The film's tagline boasts that the film is six stories. That's at least three stories too many. Part of the problem is that 98 minutes is a little long for the documentary as a whole, but it's way too short to cover six people's involvement with enough detail. Pablo and Ahmed gets especially short shrift in this film. The other problem is that several of these people seem like poor entry points into the story of Darfur. The film gives us info (generally facts and figures) through subtitles, but it also gives us the people of Darfur telling their own stories. Between these two avenues of information, I learned enough about what was going on to not really care too much about the efforts of Don Cheadle and Adam Sterling. Letting the facts and the people (including Ahmed and Hejewa) speak for themselves seemed so much more elegant.
Make no mistake; what's happening in Darfur is a tragedy. However, I wish the film could have done more to focus on the people and their plight instead of the rescue efforts of people like Sterling and Cheadle.
Despite my dislike for the film's narrative structure, it is well-presented on DVD. Instead of the traditional plastic keep-case, Darfur Now comes in a cardboard sleeve sized like a traditional case (similar to the ones used for An Inconvenient Truth). Inside are descriptions of organizations involved with helping the people of Darfur (as well as info on how you can contribute). The video on this disc looks really good, very clean with nice color saturation. The audio is clear and balanced with no apparent source issues. The extras include an introduction and commentary by writer/director Theodore Braun and some additional scenes that are worth watching for those who enjoyed the feature.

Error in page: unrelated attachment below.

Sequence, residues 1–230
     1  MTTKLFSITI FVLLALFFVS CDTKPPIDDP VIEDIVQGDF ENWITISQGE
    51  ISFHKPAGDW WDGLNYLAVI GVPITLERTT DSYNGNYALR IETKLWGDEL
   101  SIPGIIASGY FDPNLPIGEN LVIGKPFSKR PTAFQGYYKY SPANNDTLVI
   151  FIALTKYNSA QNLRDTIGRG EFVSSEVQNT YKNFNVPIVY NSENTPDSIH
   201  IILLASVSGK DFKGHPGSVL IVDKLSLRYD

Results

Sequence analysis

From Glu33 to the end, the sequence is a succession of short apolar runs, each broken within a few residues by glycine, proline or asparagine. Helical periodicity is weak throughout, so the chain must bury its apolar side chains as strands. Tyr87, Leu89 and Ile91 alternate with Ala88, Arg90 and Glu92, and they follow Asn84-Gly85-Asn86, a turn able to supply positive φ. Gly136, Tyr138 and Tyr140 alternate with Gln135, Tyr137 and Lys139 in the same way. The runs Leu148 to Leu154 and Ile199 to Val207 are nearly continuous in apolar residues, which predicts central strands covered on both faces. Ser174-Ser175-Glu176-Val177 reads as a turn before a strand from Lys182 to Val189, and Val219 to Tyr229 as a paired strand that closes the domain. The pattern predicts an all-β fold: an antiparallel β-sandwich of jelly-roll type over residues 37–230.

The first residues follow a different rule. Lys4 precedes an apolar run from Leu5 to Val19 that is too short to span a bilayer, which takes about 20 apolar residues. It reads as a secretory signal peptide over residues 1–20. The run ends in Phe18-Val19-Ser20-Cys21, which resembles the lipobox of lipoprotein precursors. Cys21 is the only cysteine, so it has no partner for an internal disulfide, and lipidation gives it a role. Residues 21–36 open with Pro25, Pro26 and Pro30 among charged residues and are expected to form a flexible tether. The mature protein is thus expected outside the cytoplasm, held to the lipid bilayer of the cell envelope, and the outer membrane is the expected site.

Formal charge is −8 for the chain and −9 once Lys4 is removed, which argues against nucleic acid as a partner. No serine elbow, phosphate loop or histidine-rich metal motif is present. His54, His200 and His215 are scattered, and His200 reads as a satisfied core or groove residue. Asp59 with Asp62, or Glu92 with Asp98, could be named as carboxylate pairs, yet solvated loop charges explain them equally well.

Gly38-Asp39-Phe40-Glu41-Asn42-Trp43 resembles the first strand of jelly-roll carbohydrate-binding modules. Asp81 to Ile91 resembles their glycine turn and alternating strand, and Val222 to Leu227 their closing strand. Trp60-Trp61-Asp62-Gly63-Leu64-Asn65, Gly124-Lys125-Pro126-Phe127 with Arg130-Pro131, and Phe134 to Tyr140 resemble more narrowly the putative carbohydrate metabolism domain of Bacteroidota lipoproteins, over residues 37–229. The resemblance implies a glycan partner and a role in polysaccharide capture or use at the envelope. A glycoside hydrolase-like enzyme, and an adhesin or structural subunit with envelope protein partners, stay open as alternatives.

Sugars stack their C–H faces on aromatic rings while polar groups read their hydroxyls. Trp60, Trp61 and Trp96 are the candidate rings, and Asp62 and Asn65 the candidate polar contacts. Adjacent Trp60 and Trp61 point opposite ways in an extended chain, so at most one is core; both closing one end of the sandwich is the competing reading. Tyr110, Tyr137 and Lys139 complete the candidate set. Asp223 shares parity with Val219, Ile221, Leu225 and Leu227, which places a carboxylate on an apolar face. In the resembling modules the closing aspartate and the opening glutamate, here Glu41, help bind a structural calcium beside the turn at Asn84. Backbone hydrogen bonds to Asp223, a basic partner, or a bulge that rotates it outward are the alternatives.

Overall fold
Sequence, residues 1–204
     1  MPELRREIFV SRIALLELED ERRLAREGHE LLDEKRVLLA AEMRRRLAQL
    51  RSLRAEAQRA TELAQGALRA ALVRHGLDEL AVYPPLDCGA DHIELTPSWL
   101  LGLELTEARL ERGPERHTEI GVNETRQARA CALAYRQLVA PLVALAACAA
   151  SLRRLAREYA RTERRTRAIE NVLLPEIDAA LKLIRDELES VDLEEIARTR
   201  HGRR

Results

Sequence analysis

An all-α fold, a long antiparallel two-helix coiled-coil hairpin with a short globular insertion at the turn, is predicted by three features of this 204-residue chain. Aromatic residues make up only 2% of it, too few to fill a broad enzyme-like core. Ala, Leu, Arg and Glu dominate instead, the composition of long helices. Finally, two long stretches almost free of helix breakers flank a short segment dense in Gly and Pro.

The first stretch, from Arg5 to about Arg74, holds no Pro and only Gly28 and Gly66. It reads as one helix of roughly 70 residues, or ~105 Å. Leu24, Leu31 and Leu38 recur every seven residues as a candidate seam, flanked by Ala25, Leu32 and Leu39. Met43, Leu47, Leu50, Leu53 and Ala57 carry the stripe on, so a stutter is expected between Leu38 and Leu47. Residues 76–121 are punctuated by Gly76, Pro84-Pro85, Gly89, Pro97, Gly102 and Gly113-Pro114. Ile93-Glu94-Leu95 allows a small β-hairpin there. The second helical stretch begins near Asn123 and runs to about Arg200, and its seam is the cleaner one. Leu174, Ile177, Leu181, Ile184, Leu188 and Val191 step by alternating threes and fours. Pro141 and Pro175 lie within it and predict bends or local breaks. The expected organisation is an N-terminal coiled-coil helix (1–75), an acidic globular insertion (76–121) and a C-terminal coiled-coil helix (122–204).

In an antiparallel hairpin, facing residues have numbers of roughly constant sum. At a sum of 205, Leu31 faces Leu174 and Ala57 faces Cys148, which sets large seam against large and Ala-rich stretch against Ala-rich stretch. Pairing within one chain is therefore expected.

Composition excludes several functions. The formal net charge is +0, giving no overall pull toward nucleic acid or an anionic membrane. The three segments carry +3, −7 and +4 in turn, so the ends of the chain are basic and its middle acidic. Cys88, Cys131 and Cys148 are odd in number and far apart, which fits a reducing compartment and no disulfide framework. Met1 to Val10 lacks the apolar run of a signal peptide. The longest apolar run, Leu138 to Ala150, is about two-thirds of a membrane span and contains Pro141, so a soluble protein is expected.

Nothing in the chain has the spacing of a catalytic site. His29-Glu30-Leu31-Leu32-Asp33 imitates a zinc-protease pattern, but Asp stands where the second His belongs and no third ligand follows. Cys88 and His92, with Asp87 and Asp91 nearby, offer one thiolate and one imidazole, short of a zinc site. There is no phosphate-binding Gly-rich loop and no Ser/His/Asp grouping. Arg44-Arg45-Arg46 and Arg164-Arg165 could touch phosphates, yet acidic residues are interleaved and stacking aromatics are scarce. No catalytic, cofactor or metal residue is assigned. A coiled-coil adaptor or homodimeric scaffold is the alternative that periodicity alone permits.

The Rebuttal Witnesses
I was impressed that the filmmaker gave the Sudanese ambassador (who claims that the word "genocide" is an overdramatizing of the events of Darfur) a couple of scenes where he could speak for himself with no obvious editorial inteference. Despite the fact that he's saying things that sound ridiculous if you believe all the other people in the film, there are no obvious visual or aural attempts to undermine him or make him look stupid (like Michael Moore might try to do).
There is also a tremendous amount of hope on display. Despite the loss of homes, villages, and family members most of the victims seem more angry than despairing, and many more seem hopeful that the rebels or outside forces will prevail over the government in Khartoum. In that way, it's an inspiring movie.
Although I didn't like the six-stranded narrative, I wanted to see more of a couple of the participants. I think both Hejewa Adam and Luis Moreno-Ocampo could sustain 90-minute documentaries on their own. Hejewa is fascinating because she chose to join the rebel militia after her son was killed. Although we see a number of scenes dealing with her involvement with them, I really wanted to see her whole story. Luis is equally fascinating because of his many years of involvement in prosecuting war crimes, including the difficulties in Argentina. I'd love to watch a film about his involvement in the International Criminal Court.
I have no doubt that the genocide in Darfur needs greater exposure, but sadly this documentary isn't the best venue. Everyone involved seems to have the best intentions, but the film is a frustrating watch because it bounces around too much to be as engrossing as the subject demands. However, the presentation of this DVD is easy to recommend.
Darfur Now is guilty of underutilizing an education opportunity.